Spiritual Matchmaking Lesson Outlines

Lesson #1

The History of the Church at Ephesus

I’m not sure who coined the phrase, “The devil is in the details,” but I totally disagree. A story is developed and narrated in the details. That’s why I love Luke, the writer of the gospel of Luke and Acts. He is a stickler for details. Laying the groundwork for this study requires establishing the context of Paul’s letter to the Ephesians. In doing so, we will be building a case for Biblical discipleship. This will also be our first lesson in how to study the Bible. Sue Swartz shared this short YouTube video with me. It’s a great summary of the book of Ephesians. https://m.youtube.com/watch?feature=youtu.be&v=Y71r-T98E2Q#dialog.

Our background passages for today are Acts 18:1-28, 19:1-10. If you have maps in the back of your Bible, it might be helpful to familiarize yourself with a map of Paul’s missionary journeys.

Read Acts 18:1-23.

  • Where was Paul?
  • Read Mark 3:13-14 and define the “with me” principle of Jesus. From Acts 18:1-23, who was with Paul?
  • What amount of time did he spend with these people?
  • How do we know this? Write the names and scripture
  • What is significant about Antioch (modern day Lebanon)?

 

Read Acts 18:18-19, 24-28.

  • What was the first thing Priscilla and Aquila did when they arrived in Ephesus?
  • Who was their primary disciple in Ephesus?
  • Where did they disciple Apollos? Read 1 Corinthians 16:19.
  • From this passage, it is inferred that someone else discipled Apollos. Who was it?
  • What discipling principles can we glean from their example?

 

Read Acts 19:1-10, 20:24-32; Ephesians 1:1-7.

  • What did Paul find when he returned to Ephesus?
  • Who discipled them?
  • What in this account resembles Jesus’ strategy with His disciples?
  • After two years of discipling these men, what were the results?
  • At the end of Paul’s three-year investment in Ephesus, he gathered his disciples, all of whom had become leaders. What did he say was his main purpose (Acts 20:24-32), and what did he preach everywhere?
  • Fill in the blanks. When people are evangelized and discipled, they become and                                            .

 

Let’s talk about it….

 

  1. We learned that disciple-making takes time. Why?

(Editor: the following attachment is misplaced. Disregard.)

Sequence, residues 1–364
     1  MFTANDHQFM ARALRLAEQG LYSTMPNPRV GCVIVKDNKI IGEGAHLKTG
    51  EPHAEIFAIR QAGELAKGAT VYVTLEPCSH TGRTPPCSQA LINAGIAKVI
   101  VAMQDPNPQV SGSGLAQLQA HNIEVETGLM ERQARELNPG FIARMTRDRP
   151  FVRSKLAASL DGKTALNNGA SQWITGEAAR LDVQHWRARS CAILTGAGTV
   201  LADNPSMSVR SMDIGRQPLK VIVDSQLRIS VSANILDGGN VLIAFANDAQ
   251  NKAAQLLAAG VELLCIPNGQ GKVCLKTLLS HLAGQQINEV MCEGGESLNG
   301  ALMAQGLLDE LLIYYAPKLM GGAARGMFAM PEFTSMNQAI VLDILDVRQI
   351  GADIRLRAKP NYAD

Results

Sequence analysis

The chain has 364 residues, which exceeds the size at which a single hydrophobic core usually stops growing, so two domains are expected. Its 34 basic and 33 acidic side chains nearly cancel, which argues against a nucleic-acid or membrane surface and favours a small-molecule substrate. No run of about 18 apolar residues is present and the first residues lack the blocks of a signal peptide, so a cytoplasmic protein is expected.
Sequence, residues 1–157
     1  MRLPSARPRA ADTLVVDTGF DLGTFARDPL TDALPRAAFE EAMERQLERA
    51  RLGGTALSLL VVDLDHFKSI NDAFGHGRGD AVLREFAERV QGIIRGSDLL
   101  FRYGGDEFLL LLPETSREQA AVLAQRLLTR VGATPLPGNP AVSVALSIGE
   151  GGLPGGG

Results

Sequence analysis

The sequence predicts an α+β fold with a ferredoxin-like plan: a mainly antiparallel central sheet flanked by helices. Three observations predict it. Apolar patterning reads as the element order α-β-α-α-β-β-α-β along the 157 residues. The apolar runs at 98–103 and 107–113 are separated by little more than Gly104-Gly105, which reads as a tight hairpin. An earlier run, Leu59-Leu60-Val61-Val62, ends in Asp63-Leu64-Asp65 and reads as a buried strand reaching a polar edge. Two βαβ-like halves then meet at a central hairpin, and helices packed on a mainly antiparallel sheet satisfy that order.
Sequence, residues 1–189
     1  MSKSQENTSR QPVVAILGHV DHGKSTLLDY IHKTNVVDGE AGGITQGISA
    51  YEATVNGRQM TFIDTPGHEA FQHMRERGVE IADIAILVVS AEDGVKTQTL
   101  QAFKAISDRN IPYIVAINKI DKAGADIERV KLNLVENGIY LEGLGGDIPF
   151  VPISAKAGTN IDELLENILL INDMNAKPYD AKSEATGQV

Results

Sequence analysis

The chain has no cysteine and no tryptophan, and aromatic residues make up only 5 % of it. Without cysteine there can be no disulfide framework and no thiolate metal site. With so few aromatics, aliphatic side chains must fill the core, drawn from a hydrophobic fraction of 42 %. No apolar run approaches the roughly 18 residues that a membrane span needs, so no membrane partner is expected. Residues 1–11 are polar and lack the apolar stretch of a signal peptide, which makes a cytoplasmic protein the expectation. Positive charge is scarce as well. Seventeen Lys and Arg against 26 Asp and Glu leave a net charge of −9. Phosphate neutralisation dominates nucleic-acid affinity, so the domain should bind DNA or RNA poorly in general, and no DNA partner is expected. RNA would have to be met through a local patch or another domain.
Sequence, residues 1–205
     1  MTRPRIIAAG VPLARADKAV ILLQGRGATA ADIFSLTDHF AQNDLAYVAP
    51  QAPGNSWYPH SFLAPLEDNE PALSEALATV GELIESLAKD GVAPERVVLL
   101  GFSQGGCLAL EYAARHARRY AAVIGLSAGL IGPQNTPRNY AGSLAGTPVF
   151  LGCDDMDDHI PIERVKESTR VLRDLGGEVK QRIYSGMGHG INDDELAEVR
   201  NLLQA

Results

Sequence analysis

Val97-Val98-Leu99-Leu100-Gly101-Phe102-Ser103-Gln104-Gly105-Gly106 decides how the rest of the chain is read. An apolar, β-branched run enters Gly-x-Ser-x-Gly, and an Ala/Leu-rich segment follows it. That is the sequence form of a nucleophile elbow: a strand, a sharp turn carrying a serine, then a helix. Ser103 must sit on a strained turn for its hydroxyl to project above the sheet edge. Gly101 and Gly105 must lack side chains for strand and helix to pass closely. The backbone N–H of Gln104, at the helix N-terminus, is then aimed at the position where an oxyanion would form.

2. What new thing did you learn from this lesson?
  3. How did the Lord speak personally to you through this lesson?
  4. What action will you take in obedience to God’s voice?
  5. Will you commit to finding at least one person to do this study with you?

 

 

Lesson #2

The Address of the Saints

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Disciple-making, by Jesus’ standard, is two things. It is life and truth. In spiritual relationships, the two are intermingled. To be transparent, I’ll share a bit of my life. Those of us who have reached middle age find ourselves in uncharted waters. This is a place where the child becomes caregiver for the parent, many of whom suffer from mentally debilitating diseases. My mother-in-law is ninety-seven years old and has a form of dementia. Quite often she is very confused about where she is and how she got there. “How did you find me?” she asks us. Even though she is in the same room in the same assisted-living home, in her mind, she is always in a different place. How confused and lost she must feel.

One day when I was around ten years old, I was at my grandmother’s house playing on a frozen lake. I slipped and hit my head so hard that it cracked the ice. When I came to, I had amnesia and could only vaguely remember where I was or what had happened. We were staying at my grandmother’s house because my mother was in the hospital. You know when you are hurt how you need your mama? I didn’t even remember where she was! My daddy tried to console me as best he could. But it was a terrible feeling.